Notwithstanding the undisputed and factually corroborated assertion that defendant waived the jury for sentencing based on his two attorneys' express conviction that the judge would not impose the death penalty, the majority holds that defendant has not met the requirement of Strickland that he was actually prejudiced by counsels' perceptions. The majority concludes that because Clare Hillyard, one of defendant's attorneys, offered additional reasons for her belief that defendant should waive his right to have a jury determine his sentence, reasons that were consistent with legitimate trial strategy, no harm resulted to defendant. To support its conclusion, the majority discusses at length portions of the direct appeal, in which a different issue regarding Hillyard's advice to waive the sentencing jury was resolved against defendant. In the direct appeal, this court acknowledged that Hillyard's advice to her client to waive the sentencing jury was based on her erroneous view of the law, i.e., that evidence of defendant's other crimes would not be admissible in aggravation at the sentencing phase of trial. Hillyard had expressed concern that the jury would be inflamed against defendant if the jury learned that he was accused of participating in a series of armed robberies near in time to the charges for which defendant was on trial. Accordingly, she advised defendant to waive the jury for sentencing. In holding that defendant sustained no prejudice from his attorney's erroneous view respecting the admission of other-crimes evidence at his sentencing hearing, this court concluded on direct review that counsel's main objective was to prevent defendant from being sentenced by a jury possessing knowledge of defendant's other crimes. Maxwell, 148 Ill. 2d at 144. This court observed that by recommending that defendant waive the jury for sentencing, Hillyard achieved this strategic goal of removing the sentencing decision from the jury.

I note that the jury was apprised of the other-crimes evidence during the guilt-innocence phase of defendant's trial because the trial court denied the defense motion in limine to bar reference to defendant's pending armed robbery charges. Therefore, Hillyard's advice to waive the sentencing jury for fear that the jury would be inflamed by the other-crimes evidence was not a persuasive reason for urging defendant to consent to the jury waiver. Nonetheless, in the instant appeal the majority relies to a large extent on the analysis of the direct appeal to support its conclusion that defendant has not established prejudice stemming from his attorneys' misleading advice that the judge was not inclined to impose the death penalty. The majority implies that if the defense attorneys' advice to waive the sentencing jury may be justified on any of the various grounds advanced, no prejudicial error exists as a matter of law. This view does not, in my opinion, withstand analysis.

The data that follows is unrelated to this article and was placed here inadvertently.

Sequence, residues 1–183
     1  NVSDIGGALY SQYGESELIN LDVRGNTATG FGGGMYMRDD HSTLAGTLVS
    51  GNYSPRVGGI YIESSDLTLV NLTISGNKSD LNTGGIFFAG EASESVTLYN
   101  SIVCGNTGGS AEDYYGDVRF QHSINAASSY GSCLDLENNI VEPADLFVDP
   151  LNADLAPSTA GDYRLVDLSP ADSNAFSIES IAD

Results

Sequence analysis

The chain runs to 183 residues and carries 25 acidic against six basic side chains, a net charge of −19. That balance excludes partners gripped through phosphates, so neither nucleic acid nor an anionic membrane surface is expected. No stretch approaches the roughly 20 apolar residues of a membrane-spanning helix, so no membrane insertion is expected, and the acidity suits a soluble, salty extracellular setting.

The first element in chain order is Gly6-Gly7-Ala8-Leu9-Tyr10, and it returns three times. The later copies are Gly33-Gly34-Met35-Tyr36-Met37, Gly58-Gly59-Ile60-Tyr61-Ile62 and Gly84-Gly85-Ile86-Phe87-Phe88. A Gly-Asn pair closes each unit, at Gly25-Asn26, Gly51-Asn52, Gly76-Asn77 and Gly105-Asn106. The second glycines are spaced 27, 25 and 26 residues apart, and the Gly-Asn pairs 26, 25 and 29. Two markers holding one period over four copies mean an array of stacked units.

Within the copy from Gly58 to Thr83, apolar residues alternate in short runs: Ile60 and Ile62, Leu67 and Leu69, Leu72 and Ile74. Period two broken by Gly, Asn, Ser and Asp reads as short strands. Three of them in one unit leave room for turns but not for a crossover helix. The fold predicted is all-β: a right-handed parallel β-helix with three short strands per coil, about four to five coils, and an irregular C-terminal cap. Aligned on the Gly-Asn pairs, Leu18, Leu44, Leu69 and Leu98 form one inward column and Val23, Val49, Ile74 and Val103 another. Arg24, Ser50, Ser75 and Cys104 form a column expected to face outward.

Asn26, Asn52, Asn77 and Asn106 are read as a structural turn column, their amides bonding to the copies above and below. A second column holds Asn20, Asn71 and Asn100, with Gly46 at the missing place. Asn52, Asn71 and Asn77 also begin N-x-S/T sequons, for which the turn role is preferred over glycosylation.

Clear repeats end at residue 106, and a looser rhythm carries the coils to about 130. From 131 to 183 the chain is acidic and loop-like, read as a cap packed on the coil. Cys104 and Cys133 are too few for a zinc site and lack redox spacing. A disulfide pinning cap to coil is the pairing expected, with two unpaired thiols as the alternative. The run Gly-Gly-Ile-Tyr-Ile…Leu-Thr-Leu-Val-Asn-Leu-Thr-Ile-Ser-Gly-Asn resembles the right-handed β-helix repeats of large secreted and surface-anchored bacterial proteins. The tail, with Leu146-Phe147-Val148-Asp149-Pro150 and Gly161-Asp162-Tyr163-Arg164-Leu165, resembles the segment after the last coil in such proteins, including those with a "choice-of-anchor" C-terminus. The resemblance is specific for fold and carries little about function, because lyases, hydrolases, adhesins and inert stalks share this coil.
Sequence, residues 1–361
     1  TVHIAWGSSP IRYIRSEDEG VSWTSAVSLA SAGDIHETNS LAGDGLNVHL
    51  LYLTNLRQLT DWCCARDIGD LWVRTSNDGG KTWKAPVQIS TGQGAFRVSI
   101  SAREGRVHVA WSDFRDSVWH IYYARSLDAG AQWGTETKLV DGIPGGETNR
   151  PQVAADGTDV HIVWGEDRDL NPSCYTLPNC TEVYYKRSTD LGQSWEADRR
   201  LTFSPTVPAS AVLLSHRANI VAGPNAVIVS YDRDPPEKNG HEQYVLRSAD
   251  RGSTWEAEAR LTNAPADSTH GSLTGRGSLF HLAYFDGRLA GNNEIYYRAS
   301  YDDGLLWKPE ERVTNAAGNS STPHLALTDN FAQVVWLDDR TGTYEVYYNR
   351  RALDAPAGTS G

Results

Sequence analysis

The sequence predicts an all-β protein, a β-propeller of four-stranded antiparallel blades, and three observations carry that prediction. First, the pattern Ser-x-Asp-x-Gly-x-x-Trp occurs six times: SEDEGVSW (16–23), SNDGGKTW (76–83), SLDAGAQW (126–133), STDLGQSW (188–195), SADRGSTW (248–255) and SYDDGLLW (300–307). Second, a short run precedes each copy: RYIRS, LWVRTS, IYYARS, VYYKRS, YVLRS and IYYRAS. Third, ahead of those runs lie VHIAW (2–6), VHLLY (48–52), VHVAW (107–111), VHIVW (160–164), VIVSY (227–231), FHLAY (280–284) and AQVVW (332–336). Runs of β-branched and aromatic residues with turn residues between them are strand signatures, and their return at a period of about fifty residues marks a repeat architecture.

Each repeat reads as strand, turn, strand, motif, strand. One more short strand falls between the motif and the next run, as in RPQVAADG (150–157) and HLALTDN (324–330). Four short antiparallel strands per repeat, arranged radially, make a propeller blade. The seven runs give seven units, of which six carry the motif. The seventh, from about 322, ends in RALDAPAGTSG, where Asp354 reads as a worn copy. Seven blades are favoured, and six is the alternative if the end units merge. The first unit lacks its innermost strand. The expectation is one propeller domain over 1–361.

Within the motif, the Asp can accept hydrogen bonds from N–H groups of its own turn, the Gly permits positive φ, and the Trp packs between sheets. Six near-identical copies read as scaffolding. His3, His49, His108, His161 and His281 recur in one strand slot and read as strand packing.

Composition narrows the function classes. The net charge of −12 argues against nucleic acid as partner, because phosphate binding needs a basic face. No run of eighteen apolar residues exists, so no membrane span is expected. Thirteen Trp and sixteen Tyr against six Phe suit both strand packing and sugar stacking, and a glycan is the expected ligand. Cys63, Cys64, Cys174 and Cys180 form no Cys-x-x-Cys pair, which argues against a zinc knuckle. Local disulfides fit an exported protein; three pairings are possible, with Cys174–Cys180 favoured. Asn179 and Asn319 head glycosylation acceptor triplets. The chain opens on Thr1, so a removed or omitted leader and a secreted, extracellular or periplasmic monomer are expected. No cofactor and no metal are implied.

In the instant appeal, unlike the direct appeal, defendant has offered affidavits outside the trial record showing that his defense attorneys informed him that the judge exhibited a physical sign that he would not impose the death penalty. In his affidavit, defendant states that he relied on Clare Hillyard's advice that the trial judge told her he would not impose the death penalty. Defendant's reliance on such representation as the primary reason for waiving the sentencing jury is far more compelling than the other reasons offered. Would not a defendant facing capital punishment waive the jury for sentencing if counsel declared that the trial court manifested its intent not to impose death? To merely conclude, as the majority does here, that trial counsel may have had other facially valid reasons to waive the jury for sentencing is to evade the essential point of defendant's argument; i.e., if trial counsel had not assured defendant that the trial court stated it would not impose the death penalty, defendant would not have waived the jury. Under the circumstances, I cannot conclude that defendant knowingly and intelligently waived the jury for sentencing. Nor can I join the majority's conclusion that defendant was not prejudiced by his counsel's misguided assurances that the judge would not impose death. Therefore, I would permit defendant the opportunity to proceed to an evidentiary hearing on his claim of ineffective assistance of counsel with respect to the jury waiver.

As a related matter, defendant contends that the trial court should have granted his motion for substitution of judges, which was presented as part of the post-conviction proceedings. The court summarily denied the motion and no discussion of its merits appears in the transcript. In the instant appeal defendant argues that the court should have recused itself from ruling on the amended post-conviction petition because the impartiality of the court had been called into question over the issue of the jury waiver and trial attorneys' belief that the court had signalled how it would rule on the issue of the death penalty. Moreover, defendant claims, during the court's admonishments on the issue of his rights with respect to waiver of the jury, the trial court did not inquire whether defendant had received any promises or inducements to waive the jury for sentencing. Accordingly, defendant argues, the post-conviction petition should have been transferred for consideration by a different judge.